15.We recommend that the Government require any airport operator making a successful application to expand their airport to assess the effect of their plans on local transport networks, to work with infrastructure operators on the measures needed to provide relief for any damaging impact, and to make a contribution to the cost of such improvements. In cases where there is compelling evidence that airport expansion would act as a catalyst for significant local economic development, the Government should work in partnership with local authorities and airports to identify relevant surface access infrastructure improvements and help to develop a multi-party funding solution. (Paragraph 89)

16.We are encouraged by evidence from local authorities that speaks positively of the current and hopefully future benefits of devolution. We want to see areas taking advantage of new financial powers to prioritise and fund their own infrastructure projects without having to wait for the agreement of or money from the Department. We want to see local areas use these new powers to help their local airports grow and develop, in a sustainable way, to drive further economic growth. (Paragraph 96)

17.We seek guarantees from the Government that those areas that cannot reach agreement on a devolution deal, or do not want one, are not left behind. Some LEPS have been very effective at driving economic development in their areas. This momentum must not be lost. Where devolution deals have been put in place, we recommend that Government conduct a robust post-hoc evaluation to assess the benefits of devolution deals to local transport. (Paragraph 96)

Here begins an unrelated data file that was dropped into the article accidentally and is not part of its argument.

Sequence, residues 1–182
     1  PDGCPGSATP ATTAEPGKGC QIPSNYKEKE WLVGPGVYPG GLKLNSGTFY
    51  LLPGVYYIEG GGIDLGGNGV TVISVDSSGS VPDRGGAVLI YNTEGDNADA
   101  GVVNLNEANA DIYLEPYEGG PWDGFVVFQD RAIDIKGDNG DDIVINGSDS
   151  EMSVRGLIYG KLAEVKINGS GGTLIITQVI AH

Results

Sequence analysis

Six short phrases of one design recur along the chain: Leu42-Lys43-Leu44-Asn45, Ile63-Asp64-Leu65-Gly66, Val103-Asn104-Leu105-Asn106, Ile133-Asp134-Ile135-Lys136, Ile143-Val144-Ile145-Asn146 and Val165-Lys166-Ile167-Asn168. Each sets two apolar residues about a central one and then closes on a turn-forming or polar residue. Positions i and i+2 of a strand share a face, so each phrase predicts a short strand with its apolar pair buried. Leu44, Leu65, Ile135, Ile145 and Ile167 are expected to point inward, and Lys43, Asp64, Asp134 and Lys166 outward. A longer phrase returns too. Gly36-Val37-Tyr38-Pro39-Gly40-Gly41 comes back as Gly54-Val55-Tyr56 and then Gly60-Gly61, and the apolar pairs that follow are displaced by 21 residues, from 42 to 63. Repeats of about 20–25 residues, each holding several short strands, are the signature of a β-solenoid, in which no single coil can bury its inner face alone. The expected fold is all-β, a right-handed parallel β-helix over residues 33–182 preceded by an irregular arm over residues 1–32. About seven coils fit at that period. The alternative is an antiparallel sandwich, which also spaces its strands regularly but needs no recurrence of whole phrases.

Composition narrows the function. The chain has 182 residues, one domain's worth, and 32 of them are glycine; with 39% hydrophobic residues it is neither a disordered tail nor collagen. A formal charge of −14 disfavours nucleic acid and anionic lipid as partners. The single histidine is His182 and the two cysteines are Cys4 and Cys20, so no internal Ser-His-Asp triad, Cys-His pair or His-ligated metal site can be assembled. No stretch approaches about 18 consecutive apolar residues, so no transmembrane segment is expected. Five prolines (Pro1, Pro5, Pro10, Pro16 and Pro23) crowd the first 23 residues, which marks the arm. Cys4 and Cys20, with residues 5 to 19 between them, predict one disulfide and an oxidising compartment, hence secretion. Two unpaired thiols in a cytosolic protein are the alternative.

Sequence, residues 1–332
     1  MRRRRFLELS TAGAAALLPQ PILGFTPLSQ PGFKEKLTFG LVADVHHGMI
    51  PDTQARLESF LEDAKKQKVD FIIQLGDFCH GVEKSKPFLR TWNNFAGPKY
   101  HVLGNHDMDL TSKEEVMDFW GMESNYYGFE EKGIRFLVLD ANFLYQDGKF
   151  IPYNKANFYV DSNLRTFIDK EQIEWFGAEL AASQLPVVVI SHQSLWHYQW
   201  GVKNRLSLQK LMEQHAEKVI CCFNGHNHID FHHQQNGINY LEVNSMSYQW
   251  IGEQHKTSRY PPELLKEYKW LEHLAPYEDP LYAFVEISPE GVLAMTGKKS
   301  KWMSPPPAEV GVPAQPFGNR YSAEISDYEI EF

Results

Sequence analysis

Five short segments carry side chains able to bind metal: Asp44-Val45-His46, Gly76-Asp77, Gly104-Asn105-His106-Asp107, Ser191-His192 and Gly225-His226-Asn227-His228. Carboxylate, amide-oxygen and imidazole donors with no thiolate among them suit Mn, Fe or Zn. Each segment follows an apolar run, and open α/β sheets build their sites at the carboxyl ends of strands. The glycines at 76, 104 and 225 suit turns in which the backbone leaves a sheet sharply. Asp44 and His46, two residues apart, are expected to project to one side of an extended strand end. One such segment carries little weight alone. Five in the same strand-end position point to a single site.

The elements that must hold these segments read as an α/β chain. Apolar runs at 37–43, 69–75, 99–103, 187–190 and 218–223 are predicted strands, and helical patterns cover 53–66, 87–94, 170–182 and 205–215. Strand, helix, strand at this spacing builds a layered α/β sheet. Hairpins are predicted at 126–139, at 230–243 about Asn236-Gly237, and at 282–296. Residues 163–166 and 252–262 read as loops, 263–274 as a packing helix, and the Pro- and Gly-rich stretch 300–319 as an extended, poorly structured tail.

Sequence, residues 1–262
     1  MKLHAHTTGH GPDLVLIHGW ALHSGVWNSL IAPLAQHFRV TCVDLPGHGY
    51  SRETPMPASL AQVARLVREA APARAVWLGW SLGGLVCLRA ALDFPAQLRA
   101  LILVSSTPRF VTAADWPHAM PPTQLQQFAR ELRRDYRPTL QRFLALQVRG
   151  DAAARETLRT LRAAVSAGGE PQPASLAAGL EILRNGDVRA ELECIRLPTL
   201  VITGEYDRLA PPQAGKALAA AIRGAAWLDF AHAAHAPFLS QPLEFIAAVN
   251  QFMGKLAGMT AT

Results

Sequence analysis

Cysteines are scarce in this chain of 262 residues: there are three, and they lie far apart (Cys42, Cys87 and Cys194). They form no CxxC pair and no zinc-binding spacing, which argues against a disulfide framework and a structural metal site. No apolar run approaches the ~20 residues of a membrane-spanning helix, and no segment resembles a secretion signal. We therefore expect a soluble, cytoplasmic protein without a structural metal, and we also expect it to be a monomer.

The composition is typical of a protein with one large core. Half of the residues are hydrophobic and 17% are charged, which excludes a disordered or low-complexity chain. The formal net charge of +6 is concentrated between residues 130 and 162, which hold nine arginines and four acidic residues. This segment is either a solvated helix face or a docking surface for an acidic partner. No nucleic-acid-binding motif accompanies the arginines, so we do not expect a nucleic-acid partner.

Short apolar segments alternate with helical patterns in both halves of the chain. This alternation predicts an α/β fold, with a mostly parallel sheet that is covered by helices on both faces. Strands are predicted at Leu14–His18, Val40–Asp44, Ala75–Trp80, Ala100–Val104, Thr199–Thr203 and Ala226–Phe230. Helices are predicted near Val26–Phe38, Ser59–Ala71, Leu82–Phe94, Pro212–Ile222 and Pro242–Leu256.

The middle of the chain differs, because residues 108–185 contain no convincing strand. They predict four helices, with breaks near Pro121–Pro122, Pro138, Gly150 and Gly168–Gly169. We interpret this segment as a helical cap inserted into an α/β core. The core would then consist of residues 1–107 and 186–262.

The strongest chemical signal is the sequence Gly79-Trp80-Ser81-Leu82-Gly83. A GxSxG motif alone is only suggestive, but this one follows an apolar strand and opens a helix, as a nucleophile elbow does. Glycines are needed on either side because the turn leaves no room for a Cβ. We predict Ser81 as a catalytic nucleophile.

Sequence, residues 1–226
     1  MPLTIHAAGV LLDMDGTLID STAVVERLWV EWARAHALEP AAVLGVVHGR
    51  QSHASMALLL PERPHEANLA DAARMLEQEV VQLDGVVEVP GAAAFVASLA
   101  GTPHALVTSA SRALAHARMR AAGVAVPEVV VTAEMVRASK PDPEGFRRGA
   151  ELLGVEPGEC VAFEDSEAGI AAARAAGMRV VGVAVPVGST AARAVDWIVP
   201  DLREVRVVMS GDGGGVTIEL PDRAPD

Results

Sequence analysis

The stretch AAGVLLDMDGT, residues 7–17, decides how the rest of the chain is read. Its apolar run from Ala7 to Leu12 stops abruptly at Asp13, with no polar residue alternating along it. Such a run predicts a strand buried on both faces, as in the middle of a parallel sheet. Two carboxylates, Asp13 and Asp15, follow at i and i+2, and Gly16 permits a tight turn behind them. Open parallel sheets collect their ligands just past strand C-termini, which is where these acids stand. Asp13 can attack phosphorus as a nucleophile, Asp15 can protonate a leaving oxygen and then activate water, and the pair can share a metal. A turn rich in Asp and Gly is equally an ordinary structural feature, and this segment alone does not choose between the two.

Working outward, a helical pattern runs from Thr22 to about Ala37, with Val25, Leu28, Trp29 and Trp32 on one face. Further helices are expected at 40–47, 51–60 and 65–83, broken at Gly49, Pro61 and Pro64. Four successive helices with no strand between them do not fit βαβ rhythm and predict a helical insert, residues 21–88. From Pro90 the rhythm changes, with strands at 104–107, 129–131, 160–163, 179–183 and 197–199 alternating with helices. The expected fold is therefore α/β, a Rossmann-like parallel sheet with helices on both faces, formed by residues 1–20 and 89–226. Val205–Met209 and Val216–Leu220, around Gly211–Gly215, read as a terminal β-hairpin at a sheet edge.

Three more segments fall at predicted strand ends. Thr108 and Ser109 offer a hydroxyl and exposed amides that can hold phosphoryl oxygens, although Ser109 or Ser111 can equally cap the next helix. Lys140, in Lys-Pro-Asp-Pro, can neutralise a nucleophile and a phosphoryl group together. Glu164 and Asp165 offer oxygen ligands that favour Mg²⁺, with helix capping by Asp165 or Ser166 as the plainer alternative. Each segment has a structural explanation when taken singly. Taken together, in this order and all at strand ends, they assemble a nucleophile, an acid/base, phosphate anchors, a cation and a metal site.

18.In its response to this report, the Government must clarify the roles that Transport for the North and the National Infrastructure Commission will play in improving surface access to airports, and how they will work with combined authorities and LEPs to achieve this. If TfN is to play an effective role, the Government must provide it with adequate powers to ensure that integrated transport planning which benefits airport passengers and local commuters is not thwarted by a lack of cooperation from local areas. (Paragraph 97)

19.Improved infrastructure for smaller airports is dependent on local areas and the airports themselves having confidence in a long term strategic plan within which they can take decisions and identify their priorities. This includes a decision on future airport capacity in the South East. Unless the Government identifies priorities for growth—and funds them accordingly—its ambitions to ‘rebalance’ the national economy will be impeded. The five yearly planning cycle for Network Rail and Highways England was supposed to provide some long term security to local areas. It has failed to do so in some aspects of rail electrification. It is early days for the roads strategy but we will be keeping an eye on the key milestones and delivery timetable to make sure it does not slip. (Paragraph 102)

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Prepared 24 February 2016